Rationale:  With 80th-or-better athletic measurables, an 96th-percentile Catch Radius and near 80-percent Catch Rate, he’s a decent gamble late in the 4th.

Round 4 Draft Pick 9 | Tiyon Evans – Running Back, Louisville

Analysis: Evans is the projection personified. At Louisville in 2022, Jawhar Jordan and Malik Cunningham took almost all the rushing attempts, leaving just 83 for Evans. Now almost 22 years old, he leaves college with a total of 90 career carries and 10 receptions. A big back with 88th-percentile speed and a closest comp of Tyrion Davis-Price, he might be drafted late or UDFA’ed but I’ll look elsewhere for my fantasy teams.

Rationale: I’d look for someone with better odds to see NFL playing time.

Round 4 Draft Pick 10 | Parker Washington – Wide Receiver, Penn State

Analysis: A strong slot receiver who was never a downfield threat despite decent speed, Washington had an early breakout age playing second fiddle to Jahan Dotson. When Dotson left, though, Washington took a step back, posting only two scores across 10 games. He catches 70-percent of his targets and has seen five to seven targets a game throughout his three seasons in Happy Valley. With the second-shortest arms in the class, Washington profiles as a slot receiver who could get on the field but doesn’t project much fantasy upside.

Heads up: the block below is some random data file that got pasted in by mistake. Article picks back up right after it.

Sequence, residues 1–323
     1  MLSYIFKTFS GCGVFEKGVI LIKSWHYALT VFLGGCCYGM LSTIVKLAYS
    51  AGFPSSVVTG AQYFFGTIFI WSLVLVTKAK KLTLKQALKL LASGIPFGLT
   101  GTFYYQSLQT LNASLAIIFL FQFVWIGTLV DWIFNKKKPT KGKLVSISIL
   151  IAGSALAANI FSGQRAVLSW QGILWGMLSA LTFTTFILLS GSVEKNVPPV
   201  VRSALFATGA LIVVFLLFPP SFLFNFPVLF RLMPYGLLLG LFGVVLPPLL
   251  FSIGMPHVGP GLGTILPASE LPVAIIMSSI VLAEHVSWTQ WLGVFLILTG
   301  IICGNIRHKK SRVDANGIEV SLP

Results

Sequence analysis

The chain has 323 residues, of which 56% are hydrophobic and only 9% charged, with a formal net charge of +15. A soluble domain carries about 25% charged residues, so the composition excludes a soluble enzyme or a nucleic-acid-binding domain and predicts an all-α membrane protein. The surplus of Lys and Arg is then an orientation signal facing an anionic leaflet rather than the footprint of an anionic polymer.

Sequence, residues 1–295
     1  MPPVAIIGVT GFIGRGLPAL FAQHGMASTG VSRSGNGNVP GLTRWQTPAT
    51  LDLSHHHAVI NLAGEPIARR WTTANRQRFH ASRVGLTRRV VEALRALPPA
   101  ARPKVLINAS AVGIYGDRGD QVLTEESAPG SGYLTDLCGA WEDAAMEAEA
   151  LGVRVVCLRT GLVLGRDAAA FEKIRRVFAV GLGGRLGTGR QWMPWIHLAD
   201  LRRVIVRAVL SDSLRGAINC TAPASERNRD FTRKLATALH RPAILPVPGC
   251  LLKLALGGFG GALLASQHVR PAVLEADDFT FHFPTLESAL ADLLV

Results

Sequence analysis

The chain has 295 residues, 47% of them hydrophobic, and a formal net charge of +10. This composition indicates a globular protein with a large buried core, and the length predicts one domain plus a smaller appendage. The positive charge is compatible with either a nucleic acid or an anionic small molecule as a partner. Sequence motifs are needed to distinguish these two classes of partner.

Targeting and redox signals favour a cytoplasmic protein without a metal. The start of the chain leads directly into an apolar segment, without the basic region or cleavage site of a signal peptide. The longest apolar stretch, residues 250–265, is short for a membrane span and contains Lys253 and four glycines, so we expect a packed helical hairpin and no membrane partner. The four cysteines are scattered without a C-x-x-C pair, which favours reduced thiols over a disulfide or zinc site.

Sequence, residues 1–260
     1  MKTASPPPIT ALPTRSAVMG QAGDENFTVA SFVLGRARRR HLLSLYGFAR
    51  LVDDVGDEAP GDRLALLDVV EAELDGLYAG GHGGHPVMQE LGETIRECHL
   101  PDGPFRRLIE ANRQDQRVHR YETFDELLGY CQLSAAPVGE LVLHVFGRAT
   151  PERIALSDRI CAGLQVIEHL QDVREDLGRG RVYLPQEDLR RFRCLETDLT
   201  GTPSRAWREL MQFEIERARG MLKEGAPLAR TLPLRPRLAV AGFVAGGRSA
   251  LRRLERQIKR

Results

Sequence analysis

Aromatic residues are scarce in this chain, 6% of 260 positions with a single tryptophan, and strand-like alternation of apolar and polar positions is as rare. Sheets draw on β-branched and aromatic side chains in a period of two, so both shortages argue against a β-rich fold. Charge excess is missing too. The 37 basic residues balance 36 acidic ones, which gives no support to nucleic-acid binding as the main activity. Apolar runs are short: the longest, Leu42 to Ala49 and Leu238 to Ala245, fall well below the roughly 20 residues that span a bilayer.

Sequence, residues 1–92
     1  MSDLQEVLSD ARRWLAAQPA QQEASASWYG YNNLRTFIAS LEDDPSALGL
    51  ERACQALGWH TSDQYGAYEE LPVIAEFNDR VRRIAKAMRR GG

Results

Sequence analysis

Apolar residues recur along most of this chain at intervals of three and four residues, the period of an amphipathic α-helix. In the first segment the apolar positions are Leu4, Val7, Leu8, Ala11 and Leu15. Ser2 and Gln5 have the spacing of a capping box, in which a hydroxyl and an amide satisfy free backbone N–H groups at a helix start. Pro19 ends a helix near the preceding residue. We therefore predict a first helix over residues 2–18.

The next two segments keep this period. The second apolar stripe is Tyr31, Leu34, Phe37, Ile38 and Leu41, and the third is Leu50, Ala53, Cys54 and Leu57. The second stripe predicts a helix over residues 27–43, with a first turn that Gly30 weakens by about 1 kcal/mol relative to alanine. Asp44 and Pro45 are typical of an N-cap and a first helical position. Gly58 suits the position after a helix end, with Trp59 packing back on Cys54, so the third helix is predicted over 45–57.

Rationale: I’ll be looking for more even here late in the fourth.

Round 4 Draft Pick 11 | Nathaniel Dell – Wide Receiver, Houston

Analysis: This is the kind of pick I like late in the fourth. Sure, he’s tiny, but Tank never missed a game. No, his 4.49 40 yard dash doesn’t play up at his mighty-mite size. But he managed a 92nd-percentile College Target Share and was a red-zone monster despite being just 5-8 and 165 pounds. He put up 2,727 yards and 29 scores on almost 200 catches in his last two seasons.

Rationale: In the modern NFL, at least for receivers, size doesn’t matter! This late in the draft, I’d love to throw Tank on the end of my roster and see what happens. Just imagine what’d happen if he could hook up with a Patrick Mahomes? Giddy up!

Round 4 Draft Pick 12 | Tucker Kraft – Tight End, South Dakota State

Team: Cody Carpentier

Analysis: From Dallas Goedert‘s old stomping grounds, Kraft had a solid 2021 as a Jackrabbit but then faded back into the background as a 5th-year senior.

Rationale: His athletic measurables are strong across the board and he has requisite size to play in the NFL, making for a good flyer if you want to get into this TE class.

Round 4 Takeaways

The odds are against hitting big on a Round 4 rookie pick are low. You can look for guys that are likely to get on the field but, at this point, go for the highest upside you can find, accepting that the floor will be the more likely outcome. Only the greatest remaining projections will get my interest at this point. All else equal, I’ll favor running backs in round 4 and 5.

Best Pick: Tank Dell 4.11

Worst Pick: Charlie Jones 4.06

Round 5

Round 5 Draft Pick 1 | Tyler Scott – Wide Receiver, Cincinnati

Team: Jack Cavanagh

Analysis: Scott has decent speed, a great burst and tremendous productivity, with 70th-percentile or better College Dominator, Target Share and YPR.